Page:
More American companies dropping cannabis from drug testing

Nov 18, 2021

In recent months, numerous U.S. companies have stopped testing for the presence of cannabis due to the reduced labour market and the increasing legalization of cannabis across the country.

Specifically, Inc. has changed its drug testing policy, no longer conducting cannabis screenings.

“In the past, like many employers, we’ve disqualified people from working at Amazon if they tested positive for |cannabis] use,” said Dave Clark, Amazon worldwide consumer chief executive officer in a released statement. “However, given where state laws are moving across the U.S., we’ve changed course.”

Amazon has gone so far as to reinstate the employment eligibility of previously terminated employees and applicants who failed the random or pre-employment cannabis screenings.

Due to the increasing legalization of cannabis across numerous U.S. states, many companies operating in several states face significant challenges when implementing central drug-use policies, which are further aggravated by the current labour shortages. Furthermore, many companies are having issues recruiting and retaining employees, particularly younger workers.

The U.S. Senate’s has proposed year fiscal 2022 general government appropriations bill that recommends the Office of Personnel Management to review its policies on hiring and firing individuals whose private use of cannabis is allowed under state law.

Moreover, the state of New York has acted to ban testing employees for cannabis, after its labour department issued guidance on Oct. 8 stating that employers can’t test employees for cannabis use, unless an existing exemption permits them to do so. In addition, the guidance said that New York employers “are prohibited from discriminating against employees based on the employee’s use of cannabis outside of the workplace, outside of work hours, and without use of the employer’s equipment or property.”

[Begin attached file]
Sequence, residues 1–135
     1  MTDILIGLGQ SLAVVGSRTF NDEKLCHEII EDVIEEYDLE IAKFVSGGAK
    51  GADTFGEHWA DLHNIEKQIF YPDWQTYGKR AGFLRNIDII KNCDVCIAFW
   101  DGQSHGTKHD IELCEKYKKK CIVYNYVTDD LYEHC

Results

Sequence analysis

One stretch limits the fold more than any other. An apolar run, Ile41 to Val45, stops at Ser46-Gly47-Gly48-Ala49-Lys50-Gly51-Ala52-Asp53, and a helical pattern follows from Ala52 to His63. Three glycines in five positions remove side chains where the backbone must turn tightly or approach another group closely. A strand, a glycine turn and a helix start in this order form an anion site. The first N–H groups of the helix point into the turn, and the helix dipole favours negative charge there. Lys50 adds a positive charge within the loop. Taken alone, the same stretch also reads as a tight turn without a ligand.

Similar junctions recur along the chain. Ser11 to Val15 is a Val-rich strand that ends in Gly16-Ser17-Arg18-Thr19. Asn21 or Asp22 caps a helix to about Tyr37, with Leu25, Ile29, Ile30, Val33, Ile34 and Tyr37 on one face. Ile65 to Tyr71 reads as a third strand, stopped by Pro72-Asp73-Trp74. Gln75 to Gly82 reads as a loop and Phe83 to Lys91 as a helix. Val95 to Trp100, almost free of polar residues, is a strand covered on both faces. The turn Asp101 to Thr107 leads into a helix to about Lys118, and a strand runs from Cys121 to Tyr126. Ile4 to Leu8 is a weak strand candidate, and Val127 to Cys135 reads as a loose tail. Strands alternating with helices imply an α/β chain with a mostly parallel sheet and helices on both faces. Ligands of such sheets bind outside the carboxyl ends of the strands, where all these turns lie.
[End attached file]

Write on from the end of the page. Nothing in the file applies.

“Some of my clients that have removed [cannabis] from the testing panel, they’ve done so because they need workers and they don’t want to screen those people out” amid a tight labor market, said Denise Elliott, an employment lawyer from McNees Wallace & Nurick LLC management-side employment lawyer.

Eliminating pre-employment cannabis testing will allow Amazon to expand its applicant pool as the company grows, said Beth Galetti, Amazon senior vice president of human resources in a September statement. According to Galetti, pre-screening applicants disproportionately and negatively impacts people of colour, also raising equity concerns.

Amazon’s move to adjust its testing policy reflects the compliance complexities companies operating in several states face when implementing a central drug-use policy. The challenge is exacerbated by the current labor shortage. Companies impose drug-use policies to help keep workplaces safe. But many companies are having difficulty recruiting and retaining employees, particularly younger workers.

One of the current challenges of cannabis screening is the lack of accuracy in determining when a worker or applicant used cannabis.

“We aren’t aware of any technology that does a great job” of distinguishing between “whether somebody has used a legal substance—or is currently impaired by it,” said Pat Devaney, Illinois AFL-CIO secretary treasurer. “I think that presents a challenge in tackling the issue in some of our collective bargaining agreements.”